Michelle Runte

“I witnessed Kayla’s soul connecting with others without ever speaking a word. It was only after her death, when her voice resonated in my soul, that I felt a calling to build a playground — a place for able-bodied children and adults to learn life lessons of compassion, patience and acceptance through play.”


2018 Woman of Faith found her voice to inspire others

Michelle “Shelly” Runte has inspired a community to embrace her vision for persons of all abilities to share in the joy of play. The gift of her vision is a 12,000-squarefoot, accessible playground in Franklin, Wis. for children and adults of all abilities.

You might think Shelly’s vision would have easily won support, but Franklin’s Mayor Steve Olson says, “In fact, none of it came easy. Shelly maintained her faith in God and humanity through many heartbreaking setbacks and challenges,” says Steve. “Her ability to see good in everything remains an inspiration to those of us who worked closely with her.”

Salvatorian Sister Mary Frost, SDS nominated Shelly for the 2018 Woman of Faith Award. She came to know Shelly while leading a bible study class at St. Mary’s Parish in Hales Corners, Wis. Soon, Sr. Mary came to know Shelly’s daughter Kayla too. “Kayla was a non-verbal child,” says Sr. Mary. “Shelly and her husband John took special care of her for eight years until Kayla’s death in 2012. Those years were a journey of faith, that God wanted them to care for Kayla and had not made a mistake.”

Father Matthew Widder had the privilege of coming into the Runte family’s life the night that Kayla died. He recalls, “The house was full of people − neighbors, teachers, friends and family. What moved me was the diversity of people, and then in the midst of sorrow, they sang songs praising God. “Shelly dedicated her life to caring for Kayla, who carried beautifully the cross of cerebral palsy,” Fr. Matthew says.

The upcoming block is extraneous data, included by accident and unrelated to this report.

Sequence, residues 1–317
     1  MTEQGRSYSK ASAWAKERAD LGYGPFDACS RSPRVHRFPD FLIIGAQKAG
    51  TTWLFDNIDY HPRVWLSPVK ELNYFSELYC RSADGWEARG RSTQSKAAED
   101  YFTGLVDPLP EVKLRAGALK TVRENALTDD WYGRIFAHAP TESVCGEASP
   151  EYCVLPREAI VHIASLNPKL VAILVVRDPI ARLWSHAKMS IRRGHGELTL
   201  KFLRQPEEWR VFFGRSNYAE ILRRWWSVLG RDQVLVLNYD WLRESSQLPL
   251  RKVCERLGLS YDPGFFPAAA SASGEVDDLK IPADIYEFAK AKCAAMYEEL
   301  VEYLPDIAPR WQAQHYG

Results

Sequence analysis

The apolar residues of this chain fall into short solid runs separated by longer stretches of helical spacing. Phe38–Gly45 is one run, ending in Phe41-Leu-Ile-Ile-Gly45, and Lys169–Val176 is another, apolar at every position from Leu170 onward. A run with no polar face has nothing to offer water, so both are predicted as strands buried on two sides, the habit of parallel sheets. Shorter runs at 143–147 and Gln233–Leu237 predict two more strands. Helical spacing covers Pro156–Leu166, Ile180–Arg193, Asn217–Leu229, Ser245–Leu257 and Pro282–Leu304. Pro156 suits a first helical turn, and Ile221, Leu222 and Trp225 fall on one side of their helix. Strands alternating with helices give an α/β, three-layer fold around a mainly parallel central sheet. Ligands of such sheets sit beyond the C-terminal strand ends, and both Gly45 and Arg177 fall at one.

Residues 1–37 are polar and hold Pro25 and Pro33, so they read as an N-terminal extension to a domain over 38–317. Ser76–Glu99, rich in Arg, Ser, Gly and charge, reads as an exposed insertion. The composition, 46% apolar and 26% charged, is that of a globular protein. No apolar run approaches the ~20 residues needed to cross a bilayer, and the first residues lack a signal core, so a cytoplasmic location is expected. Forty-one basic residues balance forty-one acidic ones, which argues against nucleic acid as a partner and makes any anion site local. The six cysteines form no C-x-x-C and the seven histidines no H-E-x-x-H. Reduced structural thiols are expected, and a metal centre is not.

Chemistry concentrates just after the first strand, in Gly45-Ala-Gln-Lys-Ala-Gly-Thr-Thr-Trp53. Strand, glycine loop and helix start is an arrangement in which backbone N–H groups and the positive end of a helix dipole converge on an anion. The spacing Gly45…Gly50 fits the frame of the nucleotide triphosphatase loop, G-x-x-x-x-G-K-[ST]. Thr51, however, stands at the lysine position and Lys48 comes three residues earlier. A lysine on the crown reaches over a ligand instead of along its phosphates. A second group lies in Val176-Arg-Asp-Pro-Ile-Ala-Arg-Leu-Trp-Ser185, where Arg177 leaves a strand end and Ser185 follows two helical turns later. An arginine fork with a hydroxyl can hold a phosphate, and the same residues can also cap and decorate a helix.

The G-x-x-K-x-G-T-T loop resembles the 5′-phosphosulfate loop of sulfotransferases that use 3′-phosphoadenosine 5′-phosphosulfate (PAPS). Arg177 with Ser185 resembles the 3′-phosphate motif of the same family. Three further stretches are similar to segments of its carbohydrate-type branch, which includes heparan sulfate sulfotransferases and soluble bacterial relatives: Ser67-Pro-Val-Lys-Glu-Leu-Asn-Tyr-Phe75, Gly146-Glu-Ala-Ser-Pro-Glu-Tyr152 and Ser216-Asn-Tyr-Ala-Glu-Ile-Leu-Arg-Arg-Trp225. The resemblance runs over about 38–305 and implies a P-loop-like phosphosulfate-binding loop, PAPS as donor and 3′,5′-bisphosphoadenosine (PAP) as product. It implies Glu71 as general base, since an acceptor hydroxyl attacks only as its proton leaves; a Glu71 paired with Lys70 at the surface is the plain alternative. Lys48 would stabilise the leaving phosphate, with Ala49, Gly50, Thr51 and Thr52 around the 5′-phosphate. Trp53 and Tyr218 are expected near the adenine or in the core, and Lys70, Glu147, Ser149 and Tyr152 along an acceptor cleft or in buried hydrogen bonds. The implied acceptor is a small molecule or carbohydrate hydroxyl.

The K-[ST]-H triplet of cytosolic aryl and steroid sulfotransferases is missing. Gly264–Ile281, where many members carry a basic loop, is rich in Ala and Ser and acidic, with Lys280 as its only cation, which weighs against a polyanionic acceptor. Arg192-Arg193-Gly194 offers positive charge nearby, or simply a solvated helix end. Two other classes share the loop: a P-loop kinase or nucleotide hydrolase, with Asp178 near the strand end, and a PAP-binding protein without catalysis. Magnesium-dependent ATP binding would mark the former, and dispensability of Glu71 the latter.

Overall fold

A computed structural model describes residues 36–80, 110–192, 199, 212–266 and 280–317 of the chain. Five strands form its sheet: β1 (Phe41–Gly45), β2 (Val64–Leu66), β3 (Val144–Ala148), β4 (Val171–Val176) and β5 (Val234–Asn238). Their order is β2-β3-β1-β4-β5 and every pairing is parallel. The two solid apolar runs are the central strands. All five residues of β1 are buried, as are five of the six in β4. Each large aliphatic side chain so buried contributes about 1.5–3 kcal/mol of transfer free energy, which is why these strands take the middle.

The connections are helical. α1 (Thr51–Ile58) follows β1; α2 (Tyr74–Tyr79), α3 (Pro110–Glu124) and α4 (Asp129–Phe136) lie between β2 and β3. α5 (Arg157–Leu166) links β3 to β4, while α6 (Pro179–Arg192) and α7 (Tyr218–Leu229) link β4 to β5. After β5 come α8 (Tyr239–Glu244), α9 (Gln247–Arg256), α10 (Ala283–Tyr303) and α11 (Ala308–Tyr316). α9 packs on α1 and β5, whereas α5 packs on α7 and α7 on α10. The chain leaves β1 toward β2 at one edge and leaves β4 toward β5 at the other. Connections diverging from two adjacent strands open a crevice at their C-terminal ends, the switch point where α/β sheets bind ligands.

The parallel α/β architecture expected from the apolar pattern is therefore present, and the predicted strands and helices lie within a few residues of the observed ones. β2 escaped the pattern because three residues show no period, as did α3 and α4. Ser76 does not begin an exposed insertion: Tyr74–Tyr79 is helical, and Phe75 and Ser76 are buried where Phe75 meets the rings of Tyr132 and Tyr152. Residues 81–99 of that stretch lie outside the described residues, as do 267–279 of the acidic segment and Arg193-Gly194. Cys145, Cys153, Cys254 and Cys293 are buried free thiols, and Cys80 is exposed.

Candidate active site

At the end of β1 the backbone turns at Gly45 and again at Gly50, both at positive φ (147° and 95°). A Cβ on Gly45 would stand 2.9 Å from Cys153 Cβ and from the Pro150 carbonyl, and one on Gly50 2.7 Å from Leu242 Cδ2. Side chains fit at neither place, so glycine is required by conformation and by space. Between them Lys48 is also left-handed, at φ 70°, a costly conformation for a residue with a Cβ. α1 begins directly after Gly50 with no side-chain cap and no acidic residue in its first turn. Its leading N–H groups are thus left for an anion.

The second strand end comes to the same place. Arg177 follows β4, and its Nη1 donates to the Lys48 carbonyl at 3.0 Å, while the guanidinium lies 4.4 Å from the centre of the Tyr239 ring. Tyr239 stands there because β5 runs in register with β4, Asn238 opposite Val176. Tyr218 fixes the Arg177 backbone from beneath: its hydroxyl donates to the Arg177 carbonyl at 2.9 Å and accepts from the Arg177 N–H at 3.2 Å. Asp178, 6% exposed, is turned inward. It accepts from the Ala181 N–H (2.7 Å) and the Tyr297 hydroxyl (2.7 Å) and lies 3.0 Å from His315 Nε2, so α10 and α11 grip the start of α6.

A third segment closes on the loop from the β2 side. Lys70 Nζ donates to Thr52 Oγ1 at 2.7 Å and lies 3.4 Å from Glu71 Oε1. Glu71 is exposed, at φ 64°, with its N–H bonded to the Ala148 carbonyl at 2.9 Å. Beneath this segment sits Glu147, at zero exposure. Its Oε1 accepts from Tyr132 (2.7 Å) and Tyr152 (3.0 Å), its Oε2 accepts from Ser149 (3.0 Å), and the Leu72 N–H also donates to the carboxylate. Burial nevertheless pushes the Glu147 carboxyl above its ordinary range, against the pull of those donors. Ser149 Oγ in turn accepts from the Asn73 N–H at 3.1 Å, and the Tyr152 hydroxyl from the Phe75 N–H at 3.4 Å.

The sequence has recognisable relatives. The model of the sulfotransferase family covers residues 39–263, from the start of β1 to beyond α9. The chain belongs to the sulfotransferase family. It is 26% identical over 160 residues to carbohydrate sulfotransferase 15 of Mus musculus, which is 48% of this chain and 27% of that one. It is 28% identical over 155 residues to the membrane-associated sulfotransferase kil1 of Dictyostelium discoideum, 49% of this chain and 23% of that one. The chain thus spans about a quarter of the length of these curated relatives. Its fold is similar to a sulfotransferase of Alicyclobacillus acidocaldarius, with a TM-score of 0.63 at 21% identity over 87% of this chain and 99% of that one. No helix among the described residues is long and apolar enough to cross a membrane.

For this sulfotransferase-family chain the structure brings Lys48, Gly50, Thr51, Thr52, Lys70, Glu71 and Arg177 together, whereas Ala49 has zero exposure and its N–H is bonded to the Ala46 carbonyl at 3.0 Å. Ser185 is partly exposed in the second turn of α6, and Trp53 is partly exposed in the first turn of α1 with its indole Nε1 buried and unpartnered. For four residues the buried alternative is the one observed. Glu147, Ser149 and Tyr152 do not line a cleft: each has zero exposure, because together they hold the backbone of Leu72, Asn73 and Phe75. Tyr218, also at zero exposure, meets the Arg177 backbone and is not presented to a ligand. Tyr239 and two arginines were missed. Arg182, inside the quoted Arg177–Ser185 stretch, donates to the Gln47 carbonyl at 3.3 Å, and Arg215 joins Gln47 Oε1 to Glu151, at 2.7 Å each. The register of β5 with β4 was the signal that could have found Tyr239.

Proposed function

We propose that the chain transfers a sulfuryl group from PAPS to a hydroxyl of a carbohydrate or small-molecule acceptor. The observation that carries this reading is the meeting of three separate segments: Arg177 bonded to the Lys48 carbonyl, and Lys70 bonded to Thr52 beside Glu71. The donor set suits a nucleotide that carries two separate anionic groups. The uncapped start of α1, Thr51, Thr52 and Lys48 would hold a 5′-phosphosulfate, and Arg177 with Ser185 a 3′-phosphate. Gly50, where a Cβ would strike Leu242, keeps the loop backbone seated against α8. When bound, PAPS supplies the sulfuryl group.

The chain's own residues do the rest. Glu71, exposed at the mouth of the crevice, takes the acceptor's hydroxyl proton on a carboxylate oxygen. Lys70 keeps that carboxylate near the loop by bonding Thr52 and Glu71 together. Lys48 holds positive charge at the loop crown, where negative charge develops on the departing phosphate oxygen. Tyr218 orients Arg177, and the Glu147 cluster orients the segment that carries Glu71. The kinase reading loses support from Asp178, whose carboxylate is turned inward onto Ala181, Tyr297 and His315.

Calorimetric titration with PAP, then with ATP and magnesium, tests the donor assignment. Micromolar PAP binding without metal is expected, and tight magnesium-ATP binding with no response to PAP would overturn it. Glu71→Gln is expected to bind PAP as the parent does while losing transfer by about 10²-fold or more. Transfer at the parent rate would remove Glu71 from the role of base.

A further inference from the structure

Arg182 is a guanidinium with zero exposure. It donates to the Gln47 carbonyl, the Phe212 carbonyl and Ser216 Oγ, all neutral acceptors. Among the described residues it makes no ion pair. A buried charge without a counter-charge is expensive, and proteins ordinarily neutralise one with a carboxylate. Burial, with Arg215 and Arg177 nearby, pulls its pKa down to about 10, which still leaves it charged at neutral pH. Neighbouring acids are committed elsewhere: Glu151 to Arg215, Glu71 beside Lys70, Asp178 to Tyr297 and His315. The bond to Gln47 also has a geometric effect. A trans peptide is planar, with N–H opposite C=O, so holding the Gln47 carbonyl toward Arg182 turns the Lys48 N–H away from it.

After Kayla died, Shelly took all she had learned from her young daughter and transformed an idea into reality. She wanted children with severe disabilities and special needs to know they are loved and deserve a rightful place in our communities and our world. Fr. Matthew says, “Shelly used Kayla’s life story to inspire others to advocate for those with disabilities. She’s a community builder and an advocate for the forgotten.” He recalls that Shelly refused to be daunted by many roadblocks along the way, and says, “Over 1,500 people helped in building Kayla’s Playground, a sign that indeed, God was working in this process.”

 Father Brian Mason, now St. Mary’s pastor, says Shelly focuses, not on what she did for Kayla, but on what Kayla taught her. He didn’t meet Shelly until 2016, when he arrived at the home of a family who lost their husband and father at age 48 to ALS. Shelly was already there comforting them. “She told me she received so much support from our parish community when Kayla died that she wanted to help someone going  through a similar tragedy. Shelly continued to walk with that family for quite some time after his funeral,” Fr. Brian says.

After a couple years of fundraising and advocating with Franklin’s local government, Kayla’s Playground opened on October 9, 2015. Mayor Olson says, “Shelly used her faith to inspire others. Shelly inspires by attitude and action. She’s humble, joyful, thoughtful and full of grace.”
Visit Kayla’s Playground at kaylaskrew.org